The teams will have probably figured this out by now, though. They are masters at adapting to the rules. So don’t expect anyone to repeat Alonso and Rosberg’s feat from Canada. The teams (and their strategists) are just too smart for that now.

  4. Dan M said on 30th August 2007, 17:55

    3 laps would be roughly 15 pounds of fuel which would mean the difference if you are racing for position. Gambling on fuel is also a necessary evil.

    I have a different scenario: what if there was a SC when McLaren (or Ferrari) were running one two, would they stack them as soon as they were allowed to pit? It would be unlikely that this would happen because they would be on different strategies, but if the caution was out for a couple laps then they may have to pit at the same time…… Hopefully Alonso will be in front while that happens!

  5. Not the way I see it, Journeyer – safety cars are an unnecessary evil. They provide no more safety than does a yellow flag and they do stop the racing altogether – the only difference is that the cars continue to circulate (as they would under yellows) instead of stopping. There is no race as the cars are not allowed to pass each other, apart from the silly rule of lapped cars going around again to join the line at the back.

    Waved yellows have exactly the same effect as a safety car except that they preserve hard-won gaps. Thus, when the race starts again, it is a resumed race, rather than a completely new one.

    Safety cars look safer only because they keep the field down to a speed possible for a road car (except in cases where the road is so badly flooded that F1 cars can’t keep up, as at the Nurburgring this year). But it’s appropriate speed that matters, not just slowness. We are effectively saying that these F1 drivers can’t be trusted to keep to an appropriate speed to suit the circumstances. But hang on a minute, these are the guys whose lives are at stake if anything goes wrong – why would they exceed a sensible speed through dangerous areas?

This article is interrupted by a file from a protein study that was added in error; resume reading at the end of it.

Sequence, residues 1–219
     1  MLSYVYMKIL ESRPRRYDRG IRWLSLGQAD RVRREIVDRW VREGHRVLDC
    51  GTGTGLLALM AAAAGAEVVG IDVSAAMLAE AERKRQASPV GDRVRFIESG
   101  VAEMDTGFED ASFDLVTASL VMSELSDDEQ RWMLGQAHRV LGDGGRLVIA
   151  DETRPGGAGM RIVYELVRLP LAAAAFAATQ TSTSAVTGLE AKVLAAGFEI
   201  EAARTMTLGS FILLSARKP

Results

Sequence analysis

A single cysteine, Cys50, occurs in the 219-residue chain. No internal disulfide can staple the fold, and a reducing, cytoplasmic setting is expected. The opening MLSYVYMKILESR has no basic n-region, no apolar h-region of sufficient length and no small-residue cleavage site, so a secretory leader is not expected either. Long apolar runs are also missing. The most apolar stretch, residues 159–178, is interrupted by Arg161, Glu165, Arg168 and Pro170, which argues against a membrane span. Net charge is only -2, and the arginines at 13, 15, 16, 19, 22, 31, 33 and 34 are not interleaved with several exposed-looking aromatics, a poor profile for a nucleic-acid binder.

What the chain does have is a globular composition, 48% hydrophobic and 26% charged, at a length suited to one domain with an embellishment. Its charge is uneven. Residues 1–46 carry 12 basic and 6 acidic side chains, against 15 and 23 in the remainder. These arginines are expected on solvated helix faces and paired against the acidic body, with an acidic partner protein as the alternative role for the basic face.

In fact, the yellow flag rule worked for decades before the safety car was introduced as a gimmick from America. And the only thing it has achieved is further complication in the rules as its total unsuitability for F1 has become apparent. There’s an old saying that should have been applied to F1 years ago: if it ain’t broke, don’t fix it.

  6. Would you rather have the race decided by the safety car, or the crane?

  7. Safety cars are safer than full-course yellows, Clive – it’s the difference between a track worker being in significant-but-manageable danger for 30 seconds out of every 100 (and totally safe for the other 70) and being in a smaller amount of danger for the entire 100 seconds. The total risk per lap is the same, but the guaranteed safe period allows for such things as sweeping the track and craning machinery from dangerous locations while no cars can interfere.